Dwyane Wade’s extended paternity leave away from the Miami Heat is not damaging his legacy. It is doing the opposite. It is giving us one more reason to admire Wade and to embrace his “Last Dance” season as special.
This is refreshingly progressive to see in the caveman sports world. All of it.
To see a professional athlete not merely speak of the importance of family but to show it with his actions. To see the man, the father, step up to his half of parenting and not see it as “women’s work” as if this were the 1940s. To see a franchise that wraps itself in “culture” and “family” rise to those aims as coach Erik Spoelstra says Wade can take “as much time as he needs” and that, “We’re totally fine with it.”
There could have been a backlash. I think we all expected it. Sports stars so rarely do what Wade is doing. And when they do even a smidgen of it, they get lambasted. Famously, the Mets’ Daniel Murphy missed two games in 2014 because of the birth of his child and was pilloried on New York sports-talk radio.
In Miami there has been some questioning of the length of Wade’s absence — Wednesday night was his fifth game away and there will be at least two or three more — but mostly understanding and support.
I would like to think it signals a societal shift toward men’s rights in terms of paternity leave. I also would like to credit an understanding that, with male absenteeism such a plague in many African-American families, the Wade example of embracing fatherhood such as Wade’s should be applauded.
It is more likely we’re just making an exception for Wade because he is so beloved.
If Hassan Whiteside were doing the same thing we’d probably be questioning his commitment to the Heat.
Maybe part of it, too, is that Wade will be 37 in January and we sort of understood that his “Last Dance” season would be somewhat ceremonial, a long farewell. Yes, Miami was 1-3 in his absence entering Wednesday’s game. But if a role player his age coming off the bench is that indispensable to this team, that’s an indictment of this roster and the surrounding talent or lack thereof.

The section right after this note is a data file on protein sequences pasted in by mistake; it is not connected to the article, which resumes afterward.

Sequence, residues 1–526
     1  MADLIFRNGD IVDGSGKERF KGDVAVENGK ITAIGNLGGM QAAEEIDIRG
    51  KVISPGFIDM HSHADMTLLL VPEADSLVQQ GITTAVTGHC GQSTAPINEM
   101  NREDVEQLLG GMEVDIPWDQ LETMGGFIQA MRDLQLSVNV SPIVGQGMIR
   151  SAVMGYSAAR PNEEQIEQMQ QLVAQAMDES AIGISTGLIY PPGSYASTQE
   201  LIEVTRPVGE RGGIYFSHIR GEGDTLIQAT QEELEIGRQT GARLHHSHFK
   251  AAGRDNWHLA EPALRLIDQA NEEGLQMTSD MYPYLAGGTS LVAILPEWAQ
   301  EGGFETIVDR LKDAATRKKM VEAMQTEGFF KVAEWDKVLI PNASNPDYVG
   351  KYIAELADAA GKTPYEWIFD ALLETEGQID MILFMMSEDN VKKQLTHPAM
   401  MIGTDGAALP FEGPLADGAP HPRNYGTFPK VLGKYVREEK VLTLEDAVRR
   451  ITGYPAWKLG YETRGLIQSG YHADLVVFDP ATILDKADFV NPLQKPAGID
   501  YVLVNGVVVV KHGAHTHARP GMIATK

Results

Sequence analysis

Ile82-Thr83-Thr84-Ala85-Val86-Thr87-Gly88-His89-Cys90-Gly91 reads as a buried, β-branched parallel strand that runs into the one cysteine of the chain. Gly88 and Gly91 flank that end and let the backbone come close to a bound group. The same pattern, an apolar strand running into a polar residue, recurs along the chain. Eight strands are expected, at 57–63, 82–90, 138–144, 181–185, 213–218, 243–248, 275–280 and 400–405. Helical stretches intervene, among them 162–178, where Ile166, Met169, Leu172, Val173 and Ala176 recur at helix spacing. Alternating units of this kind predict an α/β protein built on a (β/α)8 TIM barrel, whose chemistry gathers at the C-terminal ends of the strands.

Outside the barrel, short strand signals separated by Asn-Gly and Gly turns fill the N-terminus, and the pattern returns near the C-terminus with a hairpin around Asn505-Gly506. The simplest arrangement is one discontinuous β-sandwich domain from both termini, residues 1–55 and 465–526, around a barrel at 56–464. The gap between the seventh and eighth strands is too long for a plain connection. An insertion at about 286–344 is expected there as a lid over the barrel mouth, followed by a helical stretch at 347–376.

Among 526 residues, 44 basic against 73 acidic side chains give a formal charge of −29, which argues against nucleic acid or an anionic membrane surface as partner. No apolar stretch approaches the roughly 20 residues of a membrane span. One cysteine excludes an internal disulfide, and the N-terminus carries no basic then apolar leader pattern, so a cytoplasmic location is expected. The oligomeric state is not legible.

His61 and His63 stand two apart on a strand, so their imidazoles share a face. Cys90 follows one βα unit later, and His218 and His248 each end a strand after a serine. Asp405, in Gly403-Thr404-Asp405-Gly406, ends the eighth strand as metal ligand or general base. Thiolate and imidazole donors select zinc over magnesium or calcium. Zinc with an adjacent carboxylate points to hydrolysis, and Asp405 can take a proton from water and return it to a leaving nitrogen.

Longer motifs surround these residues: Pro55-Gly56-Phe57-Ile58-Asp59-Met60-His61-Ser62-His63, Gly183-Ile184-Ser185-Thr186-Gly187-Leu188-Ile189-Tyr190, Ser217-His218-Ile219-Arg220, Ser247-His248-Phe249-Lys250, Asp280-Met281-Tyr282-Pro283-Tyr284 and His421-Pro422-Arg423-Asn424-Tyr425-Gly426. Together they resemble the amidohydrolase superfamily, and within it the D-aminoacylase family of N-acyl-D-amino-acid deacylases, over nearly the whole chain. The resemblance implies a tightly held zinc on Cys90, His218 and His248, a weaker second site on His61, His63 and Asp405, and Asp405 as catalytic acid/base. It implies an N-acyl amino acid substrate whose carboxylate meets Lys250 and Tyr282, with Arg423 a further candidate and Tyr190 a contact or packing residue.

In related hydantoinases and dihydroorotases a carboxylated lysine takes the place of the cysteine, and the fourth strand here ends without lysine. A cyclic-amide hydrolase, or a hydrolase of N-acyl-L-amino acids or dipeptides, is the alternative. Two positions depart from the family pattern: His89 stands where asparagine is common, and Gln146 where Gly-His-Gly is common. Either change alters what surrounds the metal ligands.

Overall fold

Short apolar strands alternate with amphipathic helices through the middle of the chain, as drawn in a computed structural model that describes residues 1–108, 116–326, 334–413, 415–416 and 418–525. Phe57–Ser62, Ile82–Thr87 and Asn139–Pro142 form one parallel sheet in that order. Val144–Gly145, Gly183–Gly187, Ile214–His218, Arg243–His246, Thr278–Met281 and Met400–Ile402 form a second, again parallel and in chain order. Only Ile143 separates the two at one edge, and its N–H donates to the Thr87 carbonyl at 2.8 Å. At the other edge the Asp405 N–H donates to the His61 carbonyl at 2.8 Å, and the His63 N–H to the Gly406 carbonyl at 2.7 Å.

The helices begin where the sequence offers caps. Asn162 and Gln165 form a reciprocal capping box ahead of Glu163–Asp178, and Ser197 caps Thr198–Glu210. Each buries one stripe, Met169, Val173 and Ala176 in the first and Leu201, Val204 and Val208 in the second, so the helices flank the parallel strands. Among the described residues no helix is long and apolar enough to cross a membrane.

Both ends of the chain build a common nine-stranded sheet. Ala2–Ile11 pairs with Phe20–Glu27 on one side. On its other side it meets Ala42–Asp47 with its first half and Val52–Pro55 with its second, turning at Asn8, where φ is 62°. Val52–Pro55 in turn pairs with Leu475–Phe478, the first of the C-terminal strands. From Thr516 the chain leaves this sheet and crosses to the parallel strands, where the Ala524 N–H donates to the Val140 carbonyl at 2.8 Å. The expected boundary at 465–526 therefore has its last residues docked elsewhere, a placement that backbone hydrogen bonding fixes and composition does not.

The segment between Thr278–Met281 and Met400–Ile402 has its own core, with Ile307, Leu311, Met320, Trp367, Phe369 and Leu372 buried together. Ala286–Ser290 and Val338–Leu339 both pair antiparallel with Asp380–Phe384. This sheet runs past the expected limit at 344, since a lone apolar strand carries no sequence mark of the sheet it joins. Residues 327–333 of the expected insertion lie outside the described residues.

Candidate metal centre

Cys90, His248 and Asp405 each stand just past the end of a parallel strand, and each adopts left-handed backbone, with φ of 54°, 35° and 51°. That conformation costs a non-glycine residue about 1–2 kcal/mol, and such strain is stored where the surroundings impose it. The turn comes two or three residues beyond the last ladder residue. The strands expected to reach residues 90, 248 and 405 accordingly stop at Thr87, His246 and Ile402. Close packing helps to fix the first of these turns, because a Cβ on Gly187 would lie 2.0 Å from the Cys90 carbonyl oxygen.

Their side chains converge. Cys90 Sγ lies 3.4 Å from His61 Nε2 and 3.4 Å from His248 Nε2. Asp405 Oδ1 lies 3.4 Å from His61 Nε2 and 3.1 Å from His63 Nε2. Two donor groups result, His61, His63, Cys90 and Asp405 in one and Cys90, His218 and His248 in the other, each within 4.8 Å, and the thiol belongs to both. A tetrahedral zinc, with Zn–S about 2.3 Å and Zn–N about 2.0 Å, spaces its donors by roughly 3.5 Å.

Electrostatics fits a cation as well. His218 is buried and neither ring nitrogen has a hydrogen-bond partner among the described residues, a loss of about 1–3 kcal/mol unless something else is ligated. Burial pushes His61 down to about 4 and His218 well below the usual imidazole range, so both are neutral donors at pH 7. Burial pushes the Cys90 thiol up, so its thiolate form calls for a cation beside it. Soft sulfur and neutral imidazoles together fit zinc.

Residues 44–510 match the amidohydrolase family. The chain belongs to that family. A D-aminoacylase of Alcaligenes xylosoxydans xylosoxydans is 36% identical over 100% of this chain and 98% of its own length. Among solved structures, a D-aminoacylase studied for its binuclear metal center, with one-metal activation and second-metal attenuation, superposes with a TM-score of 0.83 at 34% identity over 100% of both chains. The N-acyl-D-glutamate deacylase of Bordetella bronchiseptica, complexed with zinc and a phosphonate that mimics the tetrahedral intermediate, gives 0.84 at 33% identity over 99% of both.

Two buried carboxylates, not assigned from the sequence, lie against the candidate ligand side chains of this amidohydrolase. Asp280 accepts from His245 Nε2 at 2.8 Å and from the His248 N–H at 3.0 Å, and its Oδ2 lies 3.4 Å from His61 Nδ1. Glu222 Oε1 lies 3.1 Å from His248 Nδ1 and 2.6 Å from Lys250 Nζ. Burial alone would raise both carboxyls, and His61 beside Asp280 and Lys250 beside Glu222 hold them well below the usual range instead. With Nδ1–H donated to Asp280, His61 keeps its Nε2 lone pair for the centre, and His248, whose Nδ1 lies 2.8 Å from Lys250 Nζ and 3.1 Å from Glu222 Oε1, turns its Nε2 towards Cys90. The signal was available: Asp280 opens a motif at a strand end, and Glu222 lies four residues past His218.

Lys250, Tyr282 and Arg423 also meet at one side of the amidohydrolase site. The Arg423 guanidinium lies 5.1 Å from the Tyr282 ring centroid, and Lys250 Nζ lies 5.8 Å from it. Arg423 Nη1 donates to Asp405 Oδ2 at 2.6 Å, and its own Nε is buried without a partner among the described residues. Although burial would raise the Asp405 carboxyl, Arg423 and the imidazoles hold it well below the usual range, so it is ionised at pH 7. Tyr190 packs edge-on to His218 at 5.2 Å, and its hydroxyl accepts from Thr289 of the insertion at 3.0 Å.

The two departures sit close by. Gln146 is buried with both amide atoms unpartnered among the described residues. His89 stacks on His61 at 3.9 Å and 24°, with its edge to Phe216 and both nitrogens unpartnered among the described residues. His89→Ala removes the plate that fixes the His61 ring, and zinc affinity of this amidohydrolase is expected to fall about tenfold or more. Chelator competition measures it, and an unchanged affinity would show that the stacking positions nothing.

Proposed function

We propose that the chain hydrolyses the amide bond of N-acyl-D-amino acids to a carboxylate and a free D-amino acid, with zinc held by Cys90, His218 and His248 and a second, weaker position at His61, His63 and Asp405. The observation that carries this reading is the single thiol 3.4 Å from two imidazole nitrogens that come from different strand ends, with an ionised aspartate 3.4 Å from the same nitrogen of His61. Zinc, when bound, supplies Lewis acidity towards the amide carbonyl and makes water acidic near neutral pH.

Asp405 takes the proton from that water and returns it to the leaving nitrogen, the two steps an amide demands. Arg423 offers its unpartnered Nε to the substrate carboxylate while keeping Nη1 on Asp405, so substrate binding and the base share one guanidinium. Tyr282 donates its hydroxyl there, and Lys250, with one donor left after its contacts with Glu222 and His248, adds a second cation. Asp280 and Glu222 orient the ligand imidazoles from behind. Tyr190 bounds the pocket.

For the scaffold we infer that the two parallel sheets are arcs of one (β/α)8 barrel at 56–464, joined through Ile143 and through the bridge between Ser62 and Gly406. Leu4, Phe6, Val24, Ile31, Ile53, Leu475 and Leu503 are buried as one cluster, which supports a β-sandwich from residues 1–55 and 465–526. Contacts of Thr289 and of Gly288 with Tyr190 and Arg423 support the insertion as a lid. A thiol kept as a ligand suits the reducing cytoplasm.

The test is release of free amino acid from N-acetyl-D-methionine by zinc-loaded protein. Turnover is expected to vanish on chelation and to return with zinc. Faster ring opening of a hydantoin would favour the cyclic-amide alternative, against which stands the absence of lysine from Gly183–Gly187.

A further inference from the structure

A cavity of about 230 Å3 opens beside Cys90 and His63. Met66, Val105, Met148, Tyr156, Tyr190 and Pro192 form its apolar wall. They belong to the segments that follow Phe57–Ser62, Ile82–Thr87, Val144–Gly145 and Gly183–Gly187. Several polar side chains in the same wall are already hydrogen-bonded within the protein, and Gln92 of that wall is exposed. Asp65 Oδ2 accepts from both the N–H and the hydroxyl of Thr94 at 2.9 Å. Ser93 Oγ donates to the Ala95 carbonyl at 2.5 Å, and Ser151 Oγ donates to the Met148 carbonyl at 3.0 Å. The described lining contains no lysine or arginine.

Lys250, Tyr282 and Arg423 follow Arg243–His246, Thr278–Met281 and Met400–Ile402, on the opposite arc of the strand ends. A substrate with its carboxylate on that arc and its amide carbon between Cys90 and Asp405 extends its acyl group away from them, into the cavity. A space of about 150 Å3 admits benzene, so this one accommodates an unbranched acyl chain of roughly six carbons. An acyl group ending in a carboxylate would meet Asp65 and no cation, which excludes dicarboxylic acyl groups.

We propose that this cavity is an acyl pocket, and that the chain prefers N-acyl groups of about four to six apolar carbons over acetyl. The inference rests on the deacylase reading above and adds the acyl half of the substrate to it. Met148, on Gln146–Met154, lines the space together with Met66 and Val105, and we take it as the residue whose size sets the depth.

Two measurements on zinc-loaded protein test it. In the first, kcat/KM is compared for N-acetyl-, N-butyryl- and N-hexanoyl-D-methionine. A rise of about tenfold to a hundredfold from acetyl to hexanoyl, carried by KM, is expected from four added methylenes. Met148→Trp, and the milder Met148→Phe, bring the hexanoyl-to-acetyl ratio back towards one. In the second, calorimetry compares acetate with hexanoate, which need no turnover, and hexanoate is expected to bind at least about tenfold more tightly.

Wade has done his heavy lifting down here. He can take a week off for a good cause.
(Dion Waiters has now missed 101 of 177 Heat games in his Miami career with the slowest-healing ankle injury in the history of human anatomy. And we should knock Wade for missing seven or eight games to be a father?)
Support for Wade also shows an acknowledgment of the circumstances here.
Wade has three sons from a first marriage. He and second wife Gabrielle Union, 46, the actress, had been trying for awhile to have a child together but there had been issues. She wrote in a memoir that she has had eight or nine miscarriages. Finally they went through a surrogate, and became parents to a baby girl last week.
All of that personal stuff was a major reason why Wade came very close to retiring this summer before ultimately deciding on one more NBA season.
“We had to go through a lot to get here,” Wade told the Associated Press. “Everyone knows that little girl steals your heart.”
The baby arrived a little prematurely and is small, “So we’re making sure health-wise she’s OK. The time right now, this bonding moment with my daughter is the most important thing in my life at this time.”
Dwyane Wade has been the most important player in this franchise’s history and the most cherished by Heat fans.
But his life is bigger than a rectangular court and there are more important things in it than basketball.
That’s more than OK. That’s good for him.
Wade wrote this on Instagram last week, from the hospital, his baby hours old, and (slightly condensed) it gets the last word here, because it is poetry:
“When I wake up in the morning love and the sunlight hurts my eyes. Then I look at you and the worlds alright with me. Just one one look at you and and I know it’s gonna be a lovely day! Our miracle baby arrived last night and 11/7 will forever be etched in our hearts as the most loveliest of all the lovely days!”